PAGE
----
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Make every visit a treat for veterinary patients


Happy patients mean happy clients and team members. Take advantage of this rewards system and exam room form, and give everyone a reason to rejoice.

Dr. Sally Foote, owner of Okaw Veterinary Clinic in Tuscola, Ill., says she's hit on a not-so-novel but woefully underused way to lower aggression and anxiety in patients in her clinic: rewards. She says offering treats while you give patients shots and trim their nails results in less aggression from both dogs and cats. And if patients have a better experience at your clinic, clients are more motivated to bring them in again.


Of course, every patient is different, so Dr. Foote recommends you find out what works for each cat or dog with trial and error. Rewards are easily customizable, and team members should test different treats (peanut butter, liver paste, lamb treats, and so on) to see what works.

Keep in mind that food treats aren't the only type of reward that works. Some pets can also be calmed by verbal and nonverbal praise, Dr. Foote says. And how and where the exam is performed can mean the difference between a hissing cat and purring patient. For example, you may find that Ginger likes to stay in her carrier while Boo would rather be held by a technician during the exam. Paris likes to be petted continuously, but Charlie should be wrapped in a towel for best results.

Once team members discover what makes each pet tick, they need to take notes. (Log on to dvm360.com/treats to download a preference sheet to fill out for each patient.)

"Consistency from the staff in offering the right rewards for each pet helps insure that every exam goes better than the last," Dr. Foote says.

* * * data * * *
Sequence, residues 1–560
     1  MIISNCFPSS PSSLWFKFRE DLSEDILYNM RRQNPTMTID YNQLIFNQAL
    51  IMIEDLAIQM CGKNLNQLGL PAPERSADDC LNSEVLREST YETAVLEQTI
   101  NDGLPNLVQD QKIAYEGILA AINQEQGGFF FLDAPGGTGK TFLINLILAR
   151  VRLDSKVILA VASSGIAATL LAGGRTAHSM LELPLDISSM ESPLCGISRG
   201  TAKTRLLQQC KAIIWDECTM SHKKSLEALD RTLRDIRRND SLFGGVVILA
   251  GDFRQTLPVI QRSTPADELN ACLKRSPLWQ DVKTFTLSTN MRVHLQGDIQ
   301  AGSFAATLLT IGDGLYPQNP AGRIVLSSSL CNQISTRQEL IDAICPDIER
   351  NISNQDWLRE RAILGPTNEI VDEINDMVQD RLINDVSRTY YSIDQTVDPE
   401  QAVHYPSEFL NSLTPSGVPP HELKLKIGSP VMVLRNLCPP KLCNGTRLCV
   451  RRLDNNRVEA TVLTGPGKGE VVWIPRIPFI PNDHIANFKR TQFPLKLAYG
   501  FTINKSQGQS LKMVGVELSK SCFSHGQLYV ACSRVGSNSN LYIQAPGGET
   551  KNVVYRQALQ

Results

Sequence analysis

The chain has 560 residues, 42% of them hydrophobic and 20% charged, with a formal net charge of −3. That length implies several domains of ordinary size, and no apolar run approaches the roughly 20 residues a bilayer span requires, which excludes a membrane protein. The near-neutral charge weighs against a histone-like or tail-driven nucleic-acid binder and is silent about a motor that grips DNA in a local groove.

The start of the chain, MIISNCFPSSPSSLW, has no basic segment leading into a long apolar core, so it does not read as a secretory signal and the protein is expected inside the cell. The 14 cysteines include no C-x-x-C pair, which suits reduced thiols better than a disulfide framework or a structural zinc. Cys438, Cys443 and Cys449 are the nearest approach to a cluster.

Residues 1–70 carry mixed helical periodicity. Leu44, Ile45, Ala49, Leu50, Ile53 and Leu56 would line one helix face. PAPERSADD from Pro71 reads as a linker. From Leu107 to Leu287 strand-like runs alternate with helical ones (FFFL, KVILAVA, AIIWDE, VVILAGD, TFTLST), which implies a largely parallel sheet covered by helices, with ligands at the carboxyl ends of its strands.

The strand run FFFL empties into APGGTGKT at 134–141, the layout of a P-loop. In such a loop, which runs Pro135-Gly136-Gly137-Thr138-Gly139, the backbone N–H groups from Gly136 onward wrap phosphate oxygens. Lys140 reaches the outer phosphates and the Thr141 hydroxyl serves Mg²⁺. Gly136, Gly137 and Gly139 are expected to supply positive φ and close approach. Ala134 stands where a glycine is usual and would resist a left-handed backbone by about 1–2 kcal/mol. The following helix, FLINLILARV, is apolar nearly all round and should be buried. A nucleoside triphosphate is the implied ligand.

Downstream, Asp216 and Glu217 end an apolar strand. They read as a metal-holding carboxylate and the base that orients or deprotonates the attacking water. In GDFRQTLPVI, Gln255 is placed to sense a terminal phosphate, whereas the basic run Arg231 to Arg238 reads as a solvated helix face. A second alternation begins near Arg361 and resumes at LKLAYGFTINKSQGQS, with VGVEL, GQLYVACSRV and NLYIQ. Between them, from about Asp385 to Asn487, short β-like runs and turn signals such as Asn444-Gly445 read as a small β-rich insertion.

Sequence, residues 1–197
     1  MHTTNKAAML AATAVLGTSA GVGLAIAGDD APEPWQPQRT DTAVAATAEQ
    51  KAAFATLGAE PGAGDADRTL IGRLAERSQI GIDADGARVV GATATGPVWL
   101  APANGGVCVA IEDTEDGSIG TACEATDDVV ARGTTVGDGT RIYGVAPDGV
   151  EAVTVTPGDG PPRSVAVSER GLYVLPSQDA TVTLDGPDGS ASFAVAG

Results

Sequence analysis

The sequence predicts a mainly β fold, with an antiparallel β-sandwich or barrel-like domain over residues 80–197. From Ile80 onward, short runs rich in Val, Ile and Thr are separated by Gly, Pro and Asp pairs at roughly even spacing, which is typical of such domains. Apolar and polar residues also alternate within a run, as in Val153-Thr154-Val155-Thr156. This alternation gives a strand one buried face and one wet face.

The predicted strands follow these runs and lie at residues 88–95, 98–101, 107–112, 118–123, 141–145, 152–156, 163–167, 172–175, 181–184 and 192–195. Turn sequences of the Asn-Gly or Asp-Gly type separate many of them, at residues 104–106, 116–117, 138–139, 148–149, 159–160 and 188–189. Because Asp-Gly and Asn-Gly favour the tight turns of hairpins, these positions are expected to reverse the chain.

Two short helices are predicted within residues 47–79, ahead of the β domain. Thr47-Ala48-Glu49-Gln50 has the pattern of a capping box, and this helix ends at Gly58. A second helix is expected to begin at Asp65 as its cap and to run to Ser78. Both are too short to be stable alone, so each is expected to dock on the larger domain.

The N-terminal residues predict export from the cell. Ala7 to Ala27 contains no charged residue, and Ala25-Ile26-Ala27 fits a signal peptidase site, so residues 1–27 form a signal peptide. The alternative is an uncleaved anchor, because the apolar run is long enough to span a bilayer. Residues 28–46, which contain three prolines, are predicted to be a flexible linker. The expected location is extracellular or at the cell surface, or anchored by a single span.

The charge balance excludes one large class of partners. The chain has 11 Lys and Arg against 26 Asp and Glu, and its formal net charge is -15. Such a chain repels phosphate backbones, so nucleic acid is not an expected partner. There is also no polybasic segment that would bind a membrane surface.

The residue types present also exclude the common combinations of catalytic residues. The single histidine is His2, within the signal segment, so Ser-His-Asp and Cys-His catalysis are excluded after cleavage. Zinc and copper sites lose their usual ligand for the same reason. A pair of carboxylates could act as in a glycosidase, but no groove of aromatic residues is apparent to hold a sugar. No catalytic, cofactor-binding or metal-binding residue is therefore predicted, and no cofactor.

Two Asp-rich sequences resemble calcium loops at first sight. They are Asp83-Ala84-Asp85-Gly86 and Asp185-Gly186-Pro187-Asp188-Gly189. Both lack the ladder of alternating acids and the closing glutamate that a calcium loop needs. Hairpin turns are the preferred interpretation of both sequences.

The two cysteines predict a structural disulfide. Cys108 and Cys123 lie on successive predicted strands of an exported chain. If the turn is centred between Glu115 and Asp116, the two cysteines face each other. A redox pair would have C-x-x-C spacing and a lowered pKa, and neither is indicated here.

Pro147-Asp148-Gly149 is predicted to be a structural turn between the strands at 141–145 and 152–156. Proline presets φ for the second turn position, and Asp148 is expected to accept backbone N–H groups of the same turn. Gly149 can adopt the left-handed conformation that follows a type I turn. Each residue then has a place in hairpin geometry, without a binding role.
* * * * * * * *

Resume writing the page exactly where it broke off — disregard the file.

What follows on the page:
Calming patients with treats can also help prevent injuries. More than 90 percent of workers' compensation injuries at veterinary practices are due to bites and scratches from animals, according to the AVMA Professional Liability Insurance Trust. Frightened cats and dogs bite and scratch far more often than calm pets who give the veterinarian and team members room to examine and treat. In other words: Rewards reduce fear in fretful clients, freaked-out patients, and worried team members.


In addition to smoother exams and better behavior from your patients, the reward system increases profitability by enabling the staff to perform a more complete physical exam. When clients see that you make the exam more comfortable and thorough, they trust you more and are more likely to comply with the recommendations you make. Recheck visits also help build revenue and reinforce the pet's understanding that good things happen at the veterinary clinic. And new patient visits increase through referrals from your established, happy clients.

"Your patients could be dragging their owners into—not out of—your clinic," Dr. Foote says. "Yowling, cowering cats can be a thing of the past once you start rewarding your patients properly."

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